Benefits and an outlook to the future
There are important benefits to be reaped by all involved parties. Apart from demonstrating commitment to a green company culture and saving costs from repeated assessment requests, companies can benefit from a common benchmark of innovation and enterprise upheld by fellow businesses.
And some of them are certainly not short on resourcefulness. For example, NS is currently preparing to switch from electric to wind-powered trains on its network by 2018, under a contract signed last year with energy firm Eneco. Currently, 50% of its trains operate on wind energy.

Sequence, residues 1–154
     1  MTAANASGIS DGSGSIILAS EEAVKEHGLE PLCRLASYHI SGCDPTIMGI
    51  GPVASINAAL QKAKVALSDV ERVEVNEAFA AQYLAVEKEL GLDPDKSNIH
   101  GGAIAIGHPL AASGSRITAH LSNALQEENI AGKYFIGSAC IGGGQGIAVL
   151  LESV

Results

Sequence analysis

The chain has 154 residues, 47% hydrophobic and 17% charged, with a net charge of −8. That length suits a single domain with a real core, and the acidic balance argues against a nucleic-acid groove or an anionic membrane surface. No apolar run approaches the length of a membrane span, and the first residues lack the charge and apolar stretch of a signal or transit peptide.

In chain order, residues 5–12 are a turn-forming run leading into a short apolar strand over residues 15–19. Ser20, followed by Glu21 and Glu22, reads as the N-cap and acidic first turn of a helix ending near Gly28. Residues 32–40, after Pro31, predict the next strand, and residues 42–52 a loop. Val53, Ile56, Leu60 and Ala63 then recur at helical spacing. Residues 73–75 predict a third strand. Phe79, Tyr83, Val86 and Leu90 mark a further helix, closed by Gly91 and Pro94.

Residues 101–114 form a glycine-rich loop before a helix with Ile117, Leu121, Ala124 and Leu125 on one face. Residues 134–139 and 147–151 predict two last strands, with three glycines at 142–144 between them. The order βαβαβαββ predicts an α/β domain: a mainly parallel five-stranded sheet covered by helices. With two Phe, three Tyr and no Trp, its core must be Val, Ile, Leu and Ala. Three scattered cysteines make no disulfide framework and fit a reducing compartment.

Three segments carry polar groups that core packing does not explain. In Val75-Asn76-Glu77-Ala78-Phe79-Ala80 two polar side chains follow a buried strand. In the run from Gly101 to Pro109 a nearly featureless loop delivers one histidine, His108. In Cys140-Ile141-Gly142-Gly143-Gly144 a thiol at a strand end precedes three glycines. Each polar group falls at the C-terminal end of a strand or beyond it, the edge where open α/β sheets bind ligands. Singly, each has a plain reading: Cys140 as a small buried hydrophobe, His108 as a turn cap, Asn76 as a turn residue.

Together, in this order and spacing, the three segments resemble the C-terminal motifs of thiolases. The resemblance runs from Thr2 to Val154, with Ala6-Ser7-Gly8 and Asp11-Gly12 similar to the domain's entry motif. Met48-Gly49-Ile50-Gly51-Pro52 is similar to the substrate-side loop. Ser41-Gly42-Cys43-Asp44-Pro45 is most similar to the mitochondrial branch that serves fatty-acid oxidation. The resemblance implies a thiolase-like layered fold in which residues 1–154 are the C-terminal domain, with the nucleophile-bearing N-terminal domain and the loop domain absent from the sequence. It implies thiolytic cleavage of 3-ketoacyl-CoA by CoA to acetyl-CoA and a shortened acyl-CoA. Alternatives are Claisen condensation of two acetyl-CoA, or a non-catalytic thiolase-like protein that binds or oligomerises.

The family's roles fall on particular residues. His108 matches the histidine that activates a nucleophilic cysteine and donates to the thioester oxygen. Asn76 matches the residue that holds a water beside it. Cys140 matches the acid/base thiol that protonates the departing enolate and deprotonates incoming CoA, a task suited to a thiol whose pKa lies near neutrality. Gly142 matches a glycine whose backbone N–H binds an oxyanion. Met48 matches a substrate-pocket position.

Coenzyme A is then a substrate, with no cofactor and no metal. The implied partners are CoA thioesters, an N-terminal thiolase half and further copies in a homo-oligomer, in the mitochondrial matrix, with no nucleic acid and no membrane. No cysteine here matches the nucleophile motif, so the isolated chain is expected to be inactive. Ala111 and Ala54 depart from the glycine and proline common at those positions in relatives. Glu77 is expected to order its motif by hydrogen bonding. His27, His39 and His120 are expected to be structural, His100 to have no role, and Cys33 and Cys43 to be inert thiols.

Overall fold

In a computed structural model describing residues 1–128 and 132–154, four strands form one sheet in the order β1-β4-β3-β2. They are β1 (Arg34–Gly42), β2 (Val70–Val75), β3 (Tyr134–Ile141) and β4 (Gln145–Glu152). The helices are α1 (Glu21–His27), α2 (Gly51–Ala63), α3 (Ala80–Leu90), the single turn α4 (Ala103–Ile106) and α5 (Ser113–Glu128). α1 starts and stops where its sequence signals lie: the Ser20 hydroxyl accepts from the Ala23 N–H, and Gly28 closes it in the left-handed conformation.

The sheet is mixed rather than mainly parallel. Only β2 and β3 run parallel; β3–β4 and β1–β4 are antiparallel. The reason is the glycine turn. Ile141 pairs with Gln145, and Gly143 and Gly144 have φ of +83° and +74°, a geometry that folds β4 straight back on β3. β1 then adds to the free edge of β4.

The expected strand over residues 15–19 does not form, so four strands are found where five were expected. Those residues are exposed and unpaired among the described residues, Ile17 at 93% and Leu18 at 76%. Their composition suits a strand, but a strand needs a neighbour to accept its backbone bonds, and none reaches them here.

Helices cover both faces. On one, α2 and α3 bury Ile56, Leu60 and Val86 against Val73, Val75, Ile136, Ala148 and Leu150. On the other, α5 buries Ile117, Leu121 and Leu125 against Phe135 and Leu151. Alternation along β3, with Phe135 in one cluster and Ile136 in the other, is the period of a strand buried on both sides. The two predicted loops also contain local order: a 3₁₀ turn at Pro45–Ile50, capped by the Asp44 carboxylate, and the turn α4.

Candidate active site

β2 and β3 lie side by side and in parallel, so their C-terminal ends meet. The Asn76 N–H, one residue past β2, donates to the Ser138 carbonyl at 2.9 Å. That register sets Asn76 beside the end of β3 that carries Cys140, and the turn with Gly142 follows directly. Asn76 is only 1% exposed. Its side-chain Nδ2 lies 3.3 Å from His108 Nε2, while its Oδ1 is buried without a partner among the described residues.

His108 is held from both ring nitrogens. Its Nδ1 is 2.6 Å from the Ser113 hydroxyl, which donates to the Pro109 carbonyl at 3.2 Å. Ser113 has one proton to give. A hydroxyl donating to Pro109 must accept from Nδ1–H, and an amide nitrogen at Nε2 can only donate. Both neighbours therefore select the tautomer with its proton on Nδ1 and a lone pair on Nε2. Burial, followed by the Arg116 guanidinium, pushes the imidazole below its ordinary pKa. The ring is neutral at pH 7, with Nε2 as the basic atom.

“The focus points of the NS CSR policy are energy and waste reduction,” says sector head of procurement at NS Group Bas van Kempen.
“We can and will share best practices in sustainable procurement. This year will focus on getting the programme started. The members of Railsponsible committed themselves to do CSR assessments for a minimum of 100 suppliers each. The CSR performance of our suppliers will in the near future be part of our sourcing strategies.”
For the rest of the year, Railsponsible will be pressing forward with promoting engagement amongst current members and encouraging participation, as well as promoting the scheme to other companies.
“As Railsponsible develops, we welcome other companies within the railway industry to apply to join us,” said Margueret. “By covering a greater pool of suppliers, we aim to keep raising expectations and awareness on sustainability issues.”